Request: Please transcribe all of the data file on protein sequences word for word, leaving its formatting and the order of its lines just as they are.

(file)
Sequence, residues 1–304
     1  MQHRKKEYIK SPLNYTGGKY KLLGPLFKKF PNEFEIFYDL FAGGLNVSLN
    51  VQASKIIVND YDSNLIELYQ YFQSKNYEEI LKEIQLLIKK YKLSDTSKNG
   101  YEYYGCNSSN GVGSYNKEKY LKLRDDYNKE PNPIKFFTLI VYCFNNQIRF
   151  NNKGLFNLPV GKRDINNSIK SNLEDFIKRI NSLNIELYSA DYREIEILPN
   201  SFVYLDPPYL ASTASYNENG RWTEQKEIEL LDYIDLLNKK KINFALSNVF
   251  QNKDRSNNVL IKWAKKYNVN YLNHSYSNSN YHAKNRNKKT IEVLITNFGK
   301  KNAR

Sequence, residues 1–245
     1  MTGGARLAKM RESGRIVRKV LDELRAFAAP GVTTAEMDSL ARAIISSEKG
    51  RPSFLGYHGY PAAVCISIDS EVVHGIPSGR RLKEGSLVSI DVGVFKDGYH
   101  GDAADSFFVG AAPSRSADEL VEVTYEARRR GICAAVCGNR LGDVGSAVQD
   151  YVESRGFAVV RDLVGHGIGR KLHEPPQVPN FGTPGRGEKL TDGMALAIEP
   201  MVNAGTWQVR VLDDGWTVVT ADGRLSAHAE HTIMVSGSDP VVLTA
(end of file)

Sequence, residues 1–304
     1  MQHRKKEYIK SPLNYTGGKY KLLGPLFKKF PNEFEIFYDL FAGGLNVSLN
    51  VQASKIIVND YDSNLIELYQ YFQSKNYEEI LKEIQLLIKK YKLSDTSKNG
   101  YEYYGCNSSN GVGSYNKEKY LKLRDDYNKE PNPIKFFTLI VYCFNNQIRF
   151  NNKGLFNLPV GKRDINNSIK SNLEDFIKRI NSLNIELYSA DYREIEILPN
   201  SFVYLDPPYL ASTASYNENG RWTEQKEIEL LDYIDLLNKK KINFALSNVF
   251  QNKDRSNNVL IKWAKKYNVN YLNHSYSNSN YHAKNRNKKT IEVLITNFGK
   301  KNAR

Sequence, residues 1–245
     1  MTGGARLAKM RESGRIVRKV LDELRAFAAP GVTTAEMDSL ARAIISSEKG
    51  RPSFLGYHGY PAAVCISIDS EVVHGIPSGR RLKEGSLVSI DVGVFKDGYH
   101  GDAADSFFVG AAPSRSADEL VEVTYEARRR GICAAVCGNR LGDVGSAVQD
   151  YVESRGFAVV RDLVGHGIGR KLHEPPQVPN FGTPGRGEKL TDGMALAIEP
   201  MVNAGTWQVR VLDDGWTVVT ADGRLSAHAE HTIMVSGSDP VVLTA